According to the National Centers for Environmental Information, extreme snowstorms in the eastern United States have become twice as common since the early 1900s.Again, warming ocean temperatures lead to increased evaporation of moisture into the atmosphere.The ice also forms later in the season and melts more readily in spring.
According to the National Centers for Environmental Information, extreme snowstorms in the eastern United States have become twice as common since the early 1900s.Again, warming ocean temperatures lead to increased evaporation of moisture into the atmosphere.Tags: Everyone Is Different EssayEinstein Research PapersHunger Games EssayBusiness Planning And ControlAqa English Literature Coursework LevelProblem Solving Worksheets Grade 4Essay Requirements For University Of Texas
The Southwest and Central Plains of the United States, for example, are expected to experience decades-long "megadroughts" harsher than anything else in human memory."The future of drought in western North America is likely to be worse than anybody has experienced in the history of the United States," Benjamin Cook, a climate scientist at NASA's Goddard Institute for Space Studies in New York City who published research projecting these droughts in 2015, told Live Science.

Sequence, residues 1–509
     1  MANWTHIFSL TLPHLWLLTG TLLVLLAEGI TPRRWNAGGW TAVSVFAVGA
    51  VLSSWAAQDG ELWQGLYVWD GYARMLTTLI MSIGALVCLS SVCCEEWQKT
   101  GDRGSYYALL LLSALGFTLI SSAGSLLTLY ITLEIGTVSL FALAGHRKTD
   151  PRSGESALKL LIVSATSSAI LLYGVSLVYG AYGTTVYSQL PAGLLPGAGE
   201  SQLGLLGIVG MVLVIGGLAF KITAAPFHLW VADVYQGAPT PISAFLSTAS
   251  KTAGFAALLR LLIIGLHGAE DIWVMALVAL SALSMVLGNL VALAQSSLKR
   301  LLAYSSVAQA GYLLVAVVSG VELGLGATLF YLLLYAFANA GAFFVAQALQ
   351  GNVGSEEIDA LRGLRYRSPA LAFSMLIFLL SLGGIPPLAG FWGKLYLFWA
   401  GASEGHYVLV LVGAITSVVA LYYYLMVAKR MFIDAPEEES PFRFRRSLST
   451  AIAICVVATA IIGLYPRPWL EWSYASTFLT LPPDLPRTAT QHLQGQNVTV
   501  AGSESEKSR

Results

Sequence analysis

"These are droughts that are so far beyond our contemporary experience that they are almost impossible to even think about."The study predicted an 85 percent chance of droughts lasting at least 35 years in the region by 2100.
When carbon dioxide reacts with seawater, it leads to a decline in p H, a process known as ocean acidification.
Increased acidity eats away at the calcium carbonate shells and skeletons that many ocean organisms depend on for survival.
Meanwhile, 2014 research finds that many areas will likely see less rainfall as the climate warms.
Subtropical regions, including the Mediterranean, the Amazon, Central America and Indonesia will likely be hardest hit, that study found, while South Africa, Mexico, western Australia and California will also dry out.
Hotter oceans evaporate more moisture, which is the engine that fuels these storms.
The International Panel on Climate Change (IPCC) predicts that even if the planet diversifies its energy sources and transitions to a less fossil-fuel intense economy (known as the A1B scenario), tropical cyclones are likely to be up to 11 percent more intense on average.
Oceans act as a carbon sink — they absorb dissolved carbon dioxide.
That's not a bad thing for the atmosphere, but it isn't great for the marine ecosystem.